Better Call Saul is a rare follow-up that’s better than its classic predecessor, with Vince Gilligan and Peter Gould’s breaking bad The prequel ended tonight on a note as perfect as nearly every other operation done in its six stellar seasons.Walter White (Bryan Cranston) and Jesse Pinkman (Aaron Paul ) and reveals what will happen to Jimmy McGill/Saul Goodman (Bob Odenkirk) after his fling with , and his fate as his ex-wife and frequent partner. Crime’s Kim Wexler (Rhea Seehorn), who proved to be the ideal capper for one of television’s all-time greats.
Last week’s penultimate article, “Waterworks,” revealed that Jimmy hijacked it from Marion’s (Carol Burnett) house via an Internet search conducted after taxi driver’s son Jeff (Pat Healy) was arrested. It concluded with the discovery of Your new friend wasn’t just a neighbor worried about your missing dog, it was a wanted crook. But the aptly titled “Saul Gone” doesn’t start off with Jimmy on the run right away. Rather, it’s a throwback to last season’s eighth episode, “Bugman,” for a brief water break as Jimmy and Mike (Jonathan Banks) lug his $7 million cartel money across the desert. To do. Considering what day they’d go back to if they had a time machine, Mike chooses the day he took his first bribe. He says he’s heading to 1965 so that he can return to the present as a millionaire (or trillionaire). When Mike asks if he only cares about wealth, Jimmy replies, “What else?”
The love of money and the thrill of deception are fundamental to Jimmy, and two subsequent color flashbacks (one with Walter at his hideout, the other with his late brother Chuck (Michael McKean) late at night). encounter). It further emphasizes that fact and Jimmy’s inability to feel repentance seeing the error of his previous ways. serves as the last chance to do so. However, at the beginning of the episode, Jimmy’s future seems bleak and in stone. Picking up right where “Waterworks” left off, Jimmy runs away from Marion’s house and tries to escape town with a shoebox full of cash and diamonds. Unfortunately, the cops were in hot pursuit, and he was quickly apprehended.
Hearing that Jimmy’s one regret is a simple ploy he came up with as a teenager, Walter remarks: Better Call Saul From the beginning, was the story of a man who couldn’t stop being a shady, me-first huckster. Jimmy is calm, cool, cool, and utterly confident, even when confronted by the widow Marie (Betsy Brandt), who is stubborn. ), “As always, I’m on top” things settle. Sure enough, Jimmy convinced the attorney’s office that he could pitch the jury on the idea that he was Walter’s victim. This is a plausible scenario that scares his enemies into offering him a plea bargain that will get him out of prison for just seven years.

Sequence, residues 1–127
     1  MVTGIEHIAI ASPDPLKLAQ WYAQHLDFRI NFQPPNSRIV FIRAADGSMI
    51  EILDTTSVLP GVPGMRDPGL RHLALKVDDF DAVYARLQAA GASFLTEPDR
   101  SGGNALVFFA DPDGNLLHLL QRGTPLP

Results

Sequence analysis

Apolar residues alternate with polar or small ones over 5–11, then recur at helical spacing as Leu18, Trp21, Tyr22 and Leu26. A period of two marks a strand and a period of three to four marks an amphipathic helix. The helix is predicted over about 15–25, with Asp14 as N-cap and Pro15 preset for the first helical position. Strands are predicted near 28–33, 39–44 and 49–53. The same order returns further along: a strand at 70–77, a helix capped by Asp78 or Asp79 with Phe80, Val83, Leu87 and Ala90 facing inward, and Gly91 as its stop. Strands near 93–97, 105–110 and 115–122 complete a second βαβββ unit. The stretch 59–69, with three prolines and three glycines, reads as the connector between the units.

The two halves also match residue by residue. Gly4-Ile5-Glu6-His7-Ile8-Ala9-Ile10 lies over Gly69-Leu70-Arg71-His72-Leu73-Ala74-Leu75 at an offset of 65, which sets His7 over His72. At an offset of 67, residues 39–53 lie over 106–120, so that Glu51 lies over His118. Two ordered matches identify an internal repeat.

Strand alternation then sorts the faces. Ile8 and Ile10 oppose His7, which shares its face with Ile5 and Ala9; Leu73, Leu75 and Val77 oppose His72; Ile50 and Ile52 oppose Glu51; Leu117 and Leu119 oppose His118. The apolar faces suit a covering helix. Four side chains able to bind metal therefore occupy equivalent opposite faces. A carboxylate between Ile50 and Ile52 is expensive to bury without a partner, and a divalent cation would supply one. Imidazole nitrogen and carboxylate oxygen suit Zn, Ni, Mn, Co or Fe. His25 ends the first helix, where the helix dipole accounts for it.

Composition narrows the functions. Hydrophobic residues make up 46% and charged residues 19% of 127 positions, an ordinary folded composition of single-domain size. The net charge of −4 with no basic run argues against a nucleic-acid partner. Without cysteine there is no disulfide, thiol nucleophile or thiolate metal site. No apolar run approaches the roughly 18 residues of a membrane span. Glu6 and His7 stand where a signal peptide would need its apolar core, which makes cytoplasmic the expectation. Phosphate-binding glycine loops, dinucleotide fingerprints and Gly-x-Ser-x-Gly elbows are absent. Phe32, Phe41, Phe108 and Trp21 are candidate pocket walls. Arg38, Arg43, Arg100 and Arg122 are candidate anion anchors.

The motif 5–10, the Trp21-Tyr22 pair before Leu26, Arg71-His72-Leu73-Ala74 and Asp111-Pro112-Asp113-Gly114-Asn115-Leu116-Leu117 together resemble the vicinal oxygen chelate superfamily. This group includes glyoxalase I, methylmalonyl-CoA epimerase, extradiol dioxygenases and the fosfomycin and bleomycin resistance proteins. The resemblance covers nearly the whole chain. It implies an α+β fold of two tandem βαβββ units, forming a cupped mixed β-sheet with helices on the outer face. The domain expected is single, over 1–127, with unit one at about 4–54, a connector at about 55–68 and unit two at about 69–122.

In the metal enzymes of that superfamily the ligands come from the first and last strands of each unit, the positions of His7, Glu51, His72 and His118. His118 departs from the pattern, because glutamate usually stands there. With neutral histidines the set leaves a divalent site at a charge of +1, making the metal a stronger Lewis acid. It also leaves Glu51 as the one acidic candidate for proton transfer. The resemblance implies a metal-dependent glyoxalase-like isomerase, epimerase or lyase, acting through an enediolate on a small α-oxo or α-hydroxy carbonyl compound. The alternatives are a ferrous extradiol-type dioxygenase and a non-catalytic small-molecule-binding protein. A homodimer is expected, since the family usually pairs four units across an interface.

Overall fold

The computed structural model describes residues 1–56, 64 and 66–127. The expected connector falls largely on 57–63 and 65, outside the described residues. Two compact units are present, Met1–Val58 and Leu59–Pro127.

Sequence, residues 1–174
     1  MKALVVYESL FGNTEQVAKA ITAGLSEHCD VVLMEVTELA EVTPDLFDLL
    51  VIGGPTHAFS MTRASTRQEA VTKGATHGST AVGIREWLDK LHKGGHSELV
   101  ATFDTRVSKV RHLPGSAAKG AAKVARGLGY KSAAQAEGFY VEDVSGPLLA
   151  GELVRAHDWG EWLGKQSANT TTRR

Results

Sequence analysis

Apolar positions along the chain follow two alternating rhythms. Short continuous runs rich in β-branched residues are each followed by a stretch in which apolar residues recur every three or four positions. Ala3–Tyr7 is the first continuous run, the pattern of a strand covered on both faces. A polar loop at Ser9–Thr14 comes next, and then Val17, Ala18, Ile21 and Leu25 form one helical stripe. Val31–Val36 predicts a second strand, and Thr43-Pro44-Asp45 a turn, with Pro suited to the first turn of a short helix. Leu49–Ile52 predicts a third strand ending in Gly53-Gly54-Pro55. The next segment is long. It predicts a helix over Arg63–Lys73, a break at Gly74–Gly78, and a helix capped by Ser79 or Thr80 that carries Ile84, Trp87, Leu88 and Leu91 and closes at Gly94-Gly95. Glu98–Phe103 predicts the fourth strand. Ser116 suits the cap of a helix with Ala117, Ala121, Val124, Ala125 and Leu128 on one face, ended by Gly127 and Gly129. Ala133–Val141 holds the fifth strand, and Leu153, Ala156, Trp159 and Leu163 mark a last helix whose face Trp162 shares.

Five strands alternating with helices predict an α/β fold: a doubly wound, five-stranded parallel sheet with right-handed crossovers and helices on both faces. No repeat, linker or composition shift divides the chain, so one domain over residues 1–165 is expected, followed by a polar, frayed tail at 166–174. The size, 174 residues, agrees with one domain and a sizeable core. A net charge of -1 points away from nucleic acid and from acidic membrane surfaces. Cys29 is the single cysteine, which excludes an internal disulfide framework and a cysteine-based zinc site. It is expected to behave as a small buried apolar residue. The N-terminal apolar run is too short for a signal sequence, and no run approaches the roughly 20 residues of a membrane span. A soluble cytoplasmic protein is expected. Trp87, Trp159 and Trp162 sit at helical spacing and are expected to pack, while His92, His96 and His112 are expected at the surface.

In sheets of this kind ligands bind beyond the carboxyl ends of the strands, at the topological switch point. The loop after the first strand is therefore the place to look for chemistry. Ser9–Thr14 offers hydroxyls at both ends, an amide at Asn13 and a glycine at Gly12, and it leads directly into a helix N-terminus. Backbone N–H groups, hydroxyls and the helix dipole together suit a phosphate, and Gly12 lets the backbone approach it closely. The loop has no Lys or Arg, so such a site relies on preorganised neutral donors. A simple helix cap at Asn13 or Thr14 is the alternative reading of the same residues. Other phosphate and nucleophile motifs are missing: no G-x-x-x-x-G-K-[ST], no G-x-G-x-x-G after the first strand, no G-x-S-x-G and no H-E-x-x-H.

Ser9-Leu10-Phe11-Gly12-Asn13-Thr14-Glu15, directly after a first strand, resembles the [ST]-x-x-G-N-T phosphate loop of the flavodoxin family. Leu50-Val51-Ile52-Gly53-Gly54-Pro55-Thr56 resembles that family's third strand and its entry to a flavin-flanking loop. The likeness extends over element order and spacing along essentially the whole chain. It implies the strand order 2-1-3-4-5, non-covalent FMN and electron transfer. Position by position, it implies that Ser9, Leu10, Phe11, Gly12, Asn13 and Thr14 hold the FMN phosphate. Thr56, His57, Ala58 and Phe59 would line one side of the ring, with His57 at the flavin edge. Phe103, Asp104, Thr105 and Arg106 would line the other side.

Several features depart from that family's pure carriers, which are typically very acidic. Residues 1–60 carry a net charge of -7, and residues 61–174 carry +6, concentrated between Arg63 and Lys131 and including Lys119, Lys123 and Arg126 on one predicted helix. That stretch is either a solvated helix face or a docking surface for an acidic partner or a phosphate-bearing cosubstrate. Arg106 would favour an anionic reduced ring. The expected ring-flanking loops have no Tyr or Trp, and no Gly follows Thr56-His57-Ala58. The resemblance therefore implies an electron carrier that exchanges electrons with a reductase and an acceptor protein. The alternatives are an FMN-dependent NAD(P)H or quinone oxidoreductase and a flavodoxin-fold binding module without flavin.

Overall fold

After all, this is not a significant example of rewriting the history that “Soul Gone” has been building. To the point of stitching this sweet deal together and boosting his luck by demanding his preferred prison and weekly ice cream dessert, Jimmy said Kim admitted the truth to authorities about the murder of Howard Hamlin (Patrick Fabian). It’s unlikely they’ll be prosecuted, but Howard’s wife is keen to file a civil suit. Jimmy’s sting of trying to pull Kim away with sweet words doesn’t move the DA’s needle, but word about his efforts goes back to Kim, encouraging her to attend a hearing where Jimmy accepts his slap. A plea on her wrist.
Thus the stage is set, Better Call SaulAt the climax of . Death and the death of Chuck. In this moment, instead of fixing the past, Jimmy not only faces the past, but fully and honestly for the first time without the fanciful lies that he has colored it for so long. In doing so, he metaphorically reverts to Jimmy from his name Saul, which he used at court. It’s a return that reveals that he’s an individual who can change, and is therefore the antithesis of the anti-heroic Walter.
“In this moment, instead of fixing the past, Jimmy not only faces the past, but fully and honestly for the first time without the fanciful lies that he has colored it for so long.”
Alas, noble gestures like this don’t go unpunished, and have taken multiple trips down memory lane to contextualize the difficulties of Jimmy’s struggling maturation. Better Call Saul Finally reach the finish line. After taking the bus to prison, where his fellow inmates recognize him as Saul (and start chanting “Better Call Saul” on his behalf), Jimmy is pen-visited by Kim. In an empty room marked by the shadows of film noir window frames, Odenkirk and Seehorn convey their nuanced expressions of compassion, sorrow, and understanding as they quietly share a cigarette and the two mingle. The only word that came out was that Jimmy accepted. 86 years to protect Kim. It’s a deal he seems happy to have made, proof that he (mostly) left Saul behind. The long farewell glance, the distance between them only a few feet and yet the eternal non-negotiability, is a testament to personal growth and selfless sacrifice for these two hopelessly compromised and complicated lawyers. suggesting that the price is truly happy ever since.
However, if the hero is denied true victory, Better Call Saul‘s bittersweet closer is nothing short of a triumph. It cements the show as one of the best of modern television. story.
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